Interesting translation topics to do a PhD on.
Autor de la hebra: VICTOR RAMIREZ

VICTOR RAMIREZ
México
Local time: 13:24
español al inglés
+ ...
Jan 11

I want/need to start my Ph.D. this year but I do not know which topic(s) in translation might be so appealing to conduct a four-year extensive research on. I've got just a few ideas but I am still quite unsure whether they are actually of interest to me considering that I will work on this for the next 4 years of my life.

Here are some of the topics I've considered so far:

- The neurology behind the translation and interpretation process.

- Machine transla
... See more
I want/need to start my Ph.D. this year but I do not know which topic(s) in translation might be so appealing to conduct a four-year extensive research on. I've got just a few ideas but I am still quite unsure whether they are actually of interest to me considering that I will work on this for the next 4 years of my life.

Here are some of the topics I've considered so far:

- The neurology behind the translation and interpretation process.

- Machine translated texts, do they really help the translator produce a faster translation or does it make the process more complicated and time-consuming?

- The translation industry, is it a good business? Is this field of study financially and professionally beneficial? (Aim at people who like languages and translation but are not sure whether their professional and economic objectives will be met)

- Translating swearwords, forbidden or offensive words.

I appreciate any additional ideas, comments or positive contributions in this regard!



[Edited at 2021-01-11 14:01 GMT]

[Edited at 2021-01-11 14:21 GMT]

[Edited at 2021-01-11 23:27 GMT]
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Nikki Scott-Despaigne  Identity Verified
Local time: 20:24
francés al inglés
research Jan 12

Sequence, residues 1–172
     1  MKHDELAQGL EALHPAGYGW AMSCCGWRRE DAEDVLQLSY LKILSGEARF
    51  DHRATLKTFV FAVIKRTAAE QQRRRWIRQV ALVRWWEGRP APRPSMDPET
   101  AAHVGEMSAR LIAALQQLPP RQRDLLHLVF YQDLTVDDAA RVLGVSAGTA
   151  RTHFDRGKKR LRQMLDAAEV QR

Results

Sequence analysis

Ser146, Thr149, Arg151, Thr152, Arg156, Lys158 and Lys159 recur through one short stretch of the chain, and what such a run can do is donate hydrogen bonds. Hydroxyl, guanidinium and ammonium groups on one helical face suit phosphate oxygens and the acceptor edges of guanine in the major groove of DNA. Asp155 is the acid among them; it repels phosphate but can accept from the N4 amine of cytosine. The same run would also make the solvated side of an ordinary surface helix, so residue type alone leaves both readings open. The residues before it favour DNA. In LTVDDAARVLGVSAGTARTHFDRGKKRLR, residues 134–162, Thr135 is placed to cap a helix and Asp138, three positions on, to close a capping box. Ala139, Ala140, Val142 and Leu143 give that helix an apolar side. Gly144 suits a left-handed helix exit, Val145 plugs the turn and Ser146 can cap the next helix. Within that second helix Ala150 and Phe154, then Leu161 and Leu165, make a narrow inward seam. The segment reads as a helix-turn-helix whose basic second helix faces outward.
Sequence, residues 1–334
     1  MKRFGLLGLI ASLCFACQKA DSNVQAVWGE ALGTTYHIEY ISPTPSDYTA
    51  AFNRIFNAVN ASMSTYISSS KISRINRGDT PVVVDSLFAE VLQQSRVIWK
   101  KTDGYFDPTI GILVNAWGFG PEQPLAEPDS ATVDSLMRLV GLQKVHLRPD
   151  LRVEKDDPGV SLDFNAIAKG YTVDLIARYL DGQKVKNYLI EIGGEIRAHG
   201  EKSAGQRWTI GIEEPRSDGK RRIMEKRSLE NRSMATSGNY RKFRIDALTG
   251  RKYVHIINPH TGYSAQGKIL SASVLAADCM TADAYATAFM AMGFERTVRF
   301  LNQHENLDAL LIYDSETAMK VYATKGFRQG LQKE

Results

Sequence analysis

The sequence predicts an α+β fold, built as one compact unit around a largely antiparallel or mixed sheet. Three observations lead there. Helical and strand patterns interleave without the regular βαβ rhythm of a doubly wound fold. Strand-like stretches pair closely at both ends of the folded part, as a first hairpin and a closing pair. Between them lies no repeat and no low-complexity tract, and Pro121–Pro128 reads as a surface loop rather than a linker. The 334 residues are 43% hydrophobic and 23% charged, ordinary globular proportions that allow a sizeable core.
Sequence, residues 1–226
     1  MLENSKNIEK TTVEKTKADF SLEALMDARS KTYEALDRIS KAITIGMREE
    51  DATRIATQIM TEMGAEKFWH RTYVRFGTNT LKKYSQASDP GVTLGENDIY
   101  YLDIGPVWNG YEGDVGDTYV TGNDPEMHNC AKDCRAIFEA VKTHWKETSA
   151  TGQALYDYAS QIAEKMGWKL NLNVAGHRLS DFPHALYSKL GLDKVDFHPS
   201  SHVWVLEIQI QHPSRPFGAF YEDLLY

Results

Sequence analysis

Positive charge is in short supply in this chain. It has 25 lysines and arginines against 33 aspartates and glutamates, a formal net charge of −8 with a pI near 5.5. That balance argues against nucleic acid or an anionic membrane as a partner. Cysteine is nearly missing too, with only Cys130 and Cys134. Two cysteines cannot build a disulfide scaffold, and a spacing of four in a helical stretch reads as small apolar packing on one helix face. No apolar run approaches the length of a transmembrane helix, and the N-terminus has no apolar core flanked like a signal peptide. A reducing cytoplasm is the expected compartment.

It is indeed important to be interested in what you are going to be working with. At one or more points during your study, you may not like - or even come to hate - the subject area. However, at PhD level, if not before, you certainly need to be working with a theme that will add something to what already exists in the field.

For example, for each of the fields you have mentioned, there are probably a number of questions about which there is an academic debate. In an exploratory re
... See more
It is indeed important to be interested in what you are going to be working with. At one or more points during your study, you may not like - or even come to hate - the subject area. However, at PhD level, if not before, you certainly need to be working with a theme that will add something to what already exists in the field.

For example, for each of the fields you have mentioned, there are probably a number of questions about which there is an academic debate. In an exploratory reading phase, you may find arguments that are worth exploring and developing further. These are potential areas of research. If the flaws are obvious to you, then remember that others will have noted them too. If they have not been studied before, try to understand why. It is not uncommon to start out on one particular theme only to find you need to change direction later on. You may even have to abandon a theme altogether and start afresh.

Another approach could be to look into areas that have not been studied at all. In this type of situation, you will find yourself in a similar situation as above. If no study on a particular point exists, think why. Possible answers are that the subject is in fact of no interest, or it is too expensive to explore. The subject may simply be beyond the scope of currently accessible tools and knowledge. This last point can exclude a particular line. However, what was not possible or interesting 10 years ago may now have become extremely pertinent and quite accessible. Background reading on areas of interest will help.